Charles McElroy is the founder of Goldleaf, a science-forward printing company for cannabis growers, patients and enthusiasts. Goldleaf empowers people by helping them better understand their interactions with the plant, and works to make the subject more approachable to new audiences. A former volunteer with Marijuana Policy Project, a history supporting veterans education and access to medical marijuana, and several years studying permaculture and organic farming in Ohio and Colorado, McElroy created Goldleaf to benefit the evolving recreational and medical cannabis communities. Goldleaf products are available worldwide and the company also provides custom design services, now adorning select dispensaries and white-label products across the U.S. Formerly COO at Noble Denim & Victor Athletics, a sustainable and ethical clothing manufacturer, McElroy holds a B.S. in Engineering Technology and Management from Ohio University with an MBA track at Miami University in Business Informatics.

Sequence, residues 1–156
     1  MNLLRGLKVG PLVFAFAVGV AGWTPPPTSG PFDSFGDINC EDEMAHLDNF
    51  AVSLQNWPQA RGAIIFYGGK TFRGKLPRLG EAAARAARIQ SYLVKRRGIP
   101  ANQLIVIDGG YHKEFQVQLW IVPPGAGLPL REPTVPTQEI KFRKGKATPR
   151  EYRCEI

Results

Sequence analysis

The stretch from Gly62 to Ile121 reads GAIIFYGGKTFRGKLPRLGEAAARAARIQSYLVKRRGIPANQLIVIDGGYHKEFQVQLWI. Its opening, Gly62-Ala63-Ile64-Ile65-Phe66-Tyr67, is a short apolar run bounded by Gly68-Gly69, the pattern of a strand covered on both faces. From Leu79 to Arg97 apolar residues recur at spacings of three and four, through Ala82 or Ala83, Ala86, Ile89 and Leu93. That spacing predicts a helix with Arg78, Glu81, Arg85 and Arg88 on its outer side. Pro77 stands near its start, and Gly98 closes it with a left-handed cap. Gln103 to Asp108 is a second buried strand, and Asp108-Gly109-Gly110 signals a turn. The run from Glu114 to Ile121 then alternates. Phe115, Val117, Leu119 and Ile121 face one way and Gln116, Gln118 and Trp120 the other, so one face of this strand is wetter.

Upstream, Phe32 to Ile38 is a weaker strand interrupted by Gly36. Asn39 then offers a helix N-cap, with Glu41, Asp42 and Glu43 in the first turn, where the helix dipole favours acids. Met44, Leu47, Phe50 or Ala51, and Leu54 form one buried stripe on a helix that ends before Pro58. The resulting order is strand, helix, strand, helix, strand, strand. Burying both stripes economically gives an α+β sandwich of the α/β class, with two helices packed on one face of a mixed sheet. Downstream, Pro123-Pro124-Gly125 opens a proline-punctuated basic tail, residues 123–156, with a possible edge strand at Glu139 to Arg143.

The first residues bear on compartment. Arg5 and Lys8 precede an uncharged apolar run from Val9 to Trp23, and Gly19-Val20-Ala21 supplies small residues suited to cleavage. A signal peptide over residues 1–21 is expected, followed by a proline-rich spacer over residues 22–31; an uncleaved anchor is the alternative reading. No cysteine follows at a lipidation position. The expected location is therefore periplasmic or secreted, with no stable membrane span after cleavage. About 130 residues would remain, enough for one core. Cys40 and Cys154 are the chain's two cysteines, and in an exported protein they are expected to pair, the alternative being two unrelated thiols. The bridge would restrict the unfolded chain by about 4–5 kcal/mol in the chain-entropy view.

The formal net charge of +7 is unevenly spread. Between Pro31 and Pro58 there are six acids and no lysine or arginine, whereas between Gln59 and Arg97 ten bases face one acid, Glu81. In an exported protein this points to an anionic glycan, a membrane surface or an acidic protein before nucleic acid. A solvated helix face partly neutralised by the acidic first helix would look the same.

Goldleaf — With all of the myths and misconceptions surrounding the cannabis conversation, it’s easy to miss the forest for the trees. Goldleaf brings a clear and credible perspective to the cannabis community by pairing compelling design with the latest peer-reviewed research, making the complex more approachable— beautiful, even. Specializing in guided notebooks and elegant print design for cannabis patients, growers and enthusiasts alike, Goldleaf products are available worldwide. Based in Cincinnati, Ohio, Goldleaf also provides custom design services for like-minded organizations around the world. 

Thank you so much for doing this with us! Can you share with us the story about what brought you to this specific career path?